Southern authors also consider time a complex and continuous function, connecting the past and the present, which influences an individual’s current life. Simply, research shows that most southern authors have a deep sense of time and the connection between the past and the present. It also reveals that these authors have a deep historical perspective, which allows them to view the south and the southern people’s growth or deterioration as a function of time. This conclusion is enshrined in various authors’ comments, such as an individual is a summation of his past experiences (Carmignani 10). It is also supported by sections of Southern authors’ writings, like Allen, who clarified the South’s progress did not imply its people forgot the past but acknowledged their remembrance of it (Carmignani 11). Connor’s stories have this deep sense of time where the past influences the main character’s actions in all her writings, explaining why literature fanatics consider her a southern writer.
Other scholars consider Connor a southern writer because most of the issues affecting the south at the time appear in her writings. Some of those issues included racism, poverty, and crime, which were prevalent in the south at the time. As some scholars noted, the story ‘Everything that rises must converge’, contains themes such as racism, violence, and poverty, which were the main elements of the southern genre (Gopikrishna and Anilpremraj 639). During Connor’s time, the south depended on slaves as a source of labor, even though other regions had abolished racism. These slaves were mainly from Africa, meaning they were black in white-dominated regions, raising racial tensions. Moreover, the south was relatively poor compared to other regions because of the defeat they had suffered while fighting the north. Consequently, ruins were common in the south, and writers used them as their stories’ settings (“Southern Literature”). The overlap between the themes Connor highlighted in her stories and the issues that plagued the south at that time further shows she was a southern writer.
Connor as a Gothic Writer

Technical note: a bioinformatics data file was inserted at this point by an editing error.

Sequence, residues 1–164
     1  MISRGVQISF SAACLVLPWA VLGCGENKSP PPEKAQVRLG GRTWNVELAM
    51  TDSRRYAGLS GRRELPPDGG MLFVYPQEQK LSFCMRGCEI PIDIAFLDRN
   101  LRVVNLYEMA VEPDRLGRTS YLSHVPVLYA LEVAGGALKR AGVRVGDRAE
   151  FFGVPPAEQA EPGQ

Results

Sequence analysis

Some scholars have categorized Connor as a catholic writer, basing their arguments on facts such as she referred to herself as a catholic writer and that religious themes constantly appear in her writings. For example, Connor described one of her novels as a catholic novel, although there is no distinctive meaning of catholic writing. Nevertheless, she echoed her idea of such a genre in most of her letters and various public lectures in states such as Georgia. Further, she suggested that catholic novels had distinctive characteristics, such as the prevalence of religious themes and characters who were strict Catholics (Poggi 4). These characteristics are common in her two novels, meaning that if readers take a closer look at the themes portrayed in those novels, they can get an idea of what Connor considered catholic themes. Grace is a prevalent theme in Connor’s works because her main characters find redemption in her stories’ endings. Further, other themes, such as forgiveness and sin, also feature a lot in her writings, influencing some scholars to categorize her as a catholic writer (Poggi 6). However, considering her stories’ plots illustrates that she was not completely a catholic writer, but a gothic author.Connor’s plots and characters support why critics categorize her as a gothic writer rather than a catholic author. A gothic writer writes literature characterized by fear, terror, anxiety, which accompany prevalent sexual impulses, violence, and death. Scholars associate the beginning of Gothic literature to the south, which was plagued with disease, poverty, crime, racism, and violence, leading others to refer to it as the dark region. Tennessee Williams captured this association properly when she stated there was something about the south and its people that made it the center of the southern gothic genre (Bjerre). There is a lot of terror, violence, sex, and death in Connor’s book ‘Wise Blood’, which supports the idea that she was